The 48MP ultra-wide, 12MP 2x telephoto (which Vivo calls “portrait lens”), and 8MP 5x Periscope zoom lens all use identical hardware as the X70 Pro Plus. But the brain processing the hardware got an upgrade: the X80 Pro houses a dedicated imaging chip named V1 Plus, which as the name implies is an iterative update on the V1 chip that made its debut in the X70 Pro Plus.

One last change: the gimbal stabilization system that supported the ultra-wide lenses before has been moved to support the 2x portrait lens, because that lens got some new nifty tricks.

First, let’s look at all four lenses’ shots together as one set. We can see the X80 Pro has good optical focal length versatility, from a 114-degree ultra-wide (focal length equivalent of around 16mm) all the way to 5x optical zoom (125mm equivalent), but it falls short of the superior range of the Galaxy S22 Ultra, whose optical zoom reaches up to 10x. We can also see the X80 Pro doesn’t keep color temperature as consistent across all four lenses the way iPhones or OPPO’s Find X5 Pro do.

That’s about it as far as nitpicking shortcomings. In everything else, the X80 Pro’s cameras knock it out of the park.

Main camera, good lighting

The Vivo X80 Pro’s main camera captures pixel-binned 12.5MP shots that are richly detailed. The large 1/1.31-inch sensor size pulls in a lot of light and produces a clear separation between subject and background in shots. Colors are livened up a bit but are not too exaggerated. While Vivo’s cameras will brighten up dark scenes quite a bit when we move to low light shooting conditions, during the day, the camera is smart enough to leave shadowed areas somewhat darker for contrast.

The shutter speed is responsive and the focus is fast — just an excellent main camera to shoot with.

Main camera, low or challenging light conditions

Now we move to challenging lighting conditions — whether it be low light, against backlight, or high contrast scenes — and this is where Vivo’s digital imaging superiority starts showing itself. Like the Vivo X70 Pro Plus, the X80 Pro is uncanny at producing HDR shots and almost never blows out bright light sources. Just look at all the shots below: every single one is perfectly balanced. Each wave of the flame that’s bursting into the hot air balloon is visible. Every strand of light in the neon skyscrapers of Hong Kong are depicted in accurate colors. Whether it’s an exaggerated half-moon over the skies of Dubai or a dark street corner, every light source is well illuminated, you can see the details.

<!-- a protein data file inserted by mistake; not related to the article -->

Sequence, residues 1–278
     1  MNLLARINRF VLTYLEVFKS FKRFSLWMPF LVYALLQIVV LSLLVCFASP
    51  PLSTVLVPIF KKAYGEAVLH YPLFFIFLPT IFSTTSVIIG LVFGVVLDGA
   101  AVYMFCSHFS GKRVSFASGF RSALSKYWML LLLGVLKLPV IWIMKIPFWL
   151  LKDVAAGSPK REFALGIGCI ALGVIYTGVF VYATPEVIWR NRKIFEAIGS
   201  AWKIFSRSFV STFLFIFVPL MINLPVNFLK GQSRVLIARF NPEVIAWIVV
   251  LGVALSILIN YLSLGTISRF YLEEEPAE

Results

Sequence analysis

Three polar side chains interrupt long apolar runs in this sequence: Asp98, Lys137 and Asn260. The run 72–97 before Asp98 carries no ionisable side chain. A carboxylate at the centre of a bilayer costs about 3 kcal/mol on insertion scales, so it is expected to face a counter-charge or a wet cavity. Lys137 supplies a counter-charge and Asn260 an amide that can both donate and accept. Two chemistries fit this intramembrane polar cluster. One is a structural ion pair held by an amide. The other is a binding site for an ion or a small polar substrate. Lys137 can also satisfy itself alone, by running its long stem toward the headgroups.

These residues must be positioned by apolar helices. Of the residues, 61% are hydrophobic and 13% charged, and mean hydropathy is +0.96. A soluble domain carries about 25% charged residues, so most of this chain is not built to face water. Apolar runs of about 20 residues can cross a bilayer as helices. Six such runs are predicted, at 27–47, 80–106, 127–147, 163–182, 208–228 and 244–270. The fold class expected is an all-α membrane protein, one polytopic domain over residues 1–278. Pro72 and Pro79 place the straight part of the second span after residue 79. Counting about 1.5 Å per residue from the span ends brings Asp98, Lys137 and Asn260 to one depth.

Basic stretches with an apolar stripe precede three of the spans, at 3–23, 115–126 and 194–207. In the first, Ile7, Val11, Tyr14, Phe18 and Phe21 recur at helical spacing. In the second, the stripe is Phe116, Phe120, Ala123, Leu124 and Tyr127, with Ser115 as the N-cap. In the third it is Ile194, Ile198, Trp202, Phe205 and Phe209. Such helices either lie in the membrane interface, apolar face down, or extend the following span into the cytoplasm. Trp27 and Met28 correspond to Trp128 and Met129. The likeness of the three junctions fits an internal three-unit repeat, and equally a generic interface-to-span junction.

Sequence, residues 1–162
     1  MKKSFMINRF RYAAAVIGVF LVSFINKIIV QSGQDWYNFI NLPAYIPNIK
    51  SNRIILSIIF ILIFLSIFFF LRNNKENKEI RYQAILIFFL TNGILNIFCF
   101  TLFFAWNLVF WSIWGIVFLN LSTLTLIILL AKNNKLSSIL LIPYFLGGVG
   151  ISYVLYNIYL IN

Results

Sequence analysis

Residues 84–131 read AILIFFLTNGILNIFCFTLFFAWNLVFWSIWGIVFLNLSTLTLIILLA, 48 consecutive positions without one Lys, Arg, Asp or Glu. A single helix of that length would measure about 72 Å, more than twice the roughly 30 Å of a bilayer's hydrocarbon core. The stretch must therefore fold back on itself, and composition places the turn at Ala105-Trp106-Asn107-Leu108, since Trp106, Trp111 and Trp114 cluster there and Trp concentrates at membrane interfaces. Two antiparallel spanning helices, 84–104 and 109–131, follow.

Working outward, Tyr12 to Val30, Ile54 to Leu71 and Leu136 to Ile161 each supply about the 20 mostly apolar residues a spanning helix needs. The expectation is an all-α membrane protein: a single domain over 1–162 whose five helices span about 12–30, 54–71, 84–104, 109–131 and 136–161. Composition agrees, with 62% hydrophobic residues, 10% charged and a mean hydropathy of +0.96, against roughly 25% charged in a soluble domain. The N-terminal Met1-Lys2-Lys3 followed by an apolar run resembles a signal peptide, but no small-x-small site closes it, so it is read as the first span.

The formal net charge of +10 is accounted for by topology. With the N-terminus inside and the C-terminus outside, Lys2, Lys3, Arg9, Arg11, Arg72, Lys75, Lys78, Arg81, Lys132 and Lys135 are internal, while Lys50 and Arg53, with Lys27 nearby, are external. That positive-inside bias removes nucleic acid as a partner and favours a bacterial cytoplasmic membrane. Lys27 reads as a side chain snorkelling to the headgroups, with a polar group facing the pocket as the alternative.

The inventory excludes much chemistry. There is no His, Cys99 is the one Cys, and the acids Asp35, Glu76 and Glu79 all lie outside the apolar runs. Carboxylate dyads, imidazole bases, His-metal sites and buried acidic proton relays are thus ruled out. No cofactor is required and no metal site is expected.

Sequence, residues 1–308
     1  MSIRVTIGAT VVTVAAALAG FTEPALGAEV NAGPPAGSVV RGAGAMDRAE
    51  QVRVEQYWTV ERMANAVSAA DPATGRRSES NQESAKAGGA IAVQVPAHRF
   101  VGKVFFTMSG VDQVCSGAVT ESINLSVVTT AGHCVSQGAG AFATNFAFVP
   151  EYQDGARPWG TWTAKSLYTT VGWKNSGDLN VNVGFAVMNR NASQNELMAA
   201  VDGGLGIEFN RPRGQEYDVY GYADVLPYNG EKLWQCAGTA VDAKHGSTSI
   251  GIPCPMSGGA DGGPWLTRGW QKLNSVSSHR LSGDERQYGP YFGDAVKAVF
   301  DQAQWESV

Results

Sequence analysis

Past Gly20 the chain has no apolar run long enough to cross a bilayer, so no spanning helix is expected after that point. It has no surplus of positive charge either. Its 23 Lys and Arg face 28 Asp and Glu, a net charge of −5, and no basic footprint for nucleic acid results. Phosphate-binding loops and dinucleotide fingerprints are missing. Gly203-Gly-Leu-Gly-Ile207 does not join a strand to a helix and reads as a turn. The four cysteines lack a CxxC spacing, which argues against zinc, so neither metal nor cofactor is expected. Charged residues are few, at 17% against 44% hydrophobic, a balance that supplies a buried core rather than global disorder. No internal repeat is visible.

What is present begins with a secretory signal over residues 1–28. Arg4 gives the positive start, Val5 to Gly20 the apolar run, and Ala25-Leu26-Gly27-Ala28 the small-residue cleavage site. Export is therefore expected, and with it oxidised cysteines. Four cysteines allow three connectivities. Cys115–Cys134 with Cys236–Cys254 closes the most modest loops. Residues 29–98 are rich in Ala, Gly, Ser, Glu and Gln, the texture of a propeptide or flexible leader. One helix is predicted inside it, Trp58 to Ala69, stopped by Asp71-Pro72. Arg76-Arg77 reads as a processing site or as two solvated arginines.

The Vivo X80 Pro is uncanny at producing HDR shots and almost never blows out bright light sources

The degree to which the Vivo X80 Pro can properly expose contrasty scenes is more apparent when you see the same photos taken by other phones. Look at the below shots, look at how the X80 Pro managed to expose highlights without blowing them out, while still keeping shadows intact. Now, look at the iPhone 13 Pro shots, which are quite frankly, a mess. Every light is blown out, and the shadows are gone because the overall shot had to be brightened. Samsung’s Galaxy S22 Ultra did a pretty good job but still blows out some lights.

Here’s another side-by-side, captured one after the other. It’s not even close how much better the X80 Pro shot is over the iPhone 13 Pro’s.

And spoiler: the gap in HDR capabilities between the X80 Pro and Apple and Samsung’s phones will widen when we move to the ultra-wide camera. But first, more low-light photo samples captured by the main camera of the X80 Pro.

One nitpick we could have is that Vivo’s shots are so perfectly balanced that they look slightly unnatural, almost like they’ve been edited in Photoshop (they have not — these are all straight out of the camera). I can see how that’s a fair argument, that our eyes don’t see every light source perfectly too. But even going by the “natural” argument, I’d pick the Galaxy S22 Ultra’s shot over the iPhone 13 Pro’s completely blown-out look.

Ultra-wide, good lighting

With a combination of pixel-binning, fast f/2.2 aperture and decent half-inch image sensor, the X80 Pro’s ultra-wide camera packs a lot of details and pulls in more light than the ultra-wide lenses used by the Galaxy S22 Ultra or iPhone 13 Pro. There’s not much to report for ultra-wide shots in ideal lighting conditions: shots look great, with no serious detail dropoff at the edges.

Ultra-wide, low or challenging light conditions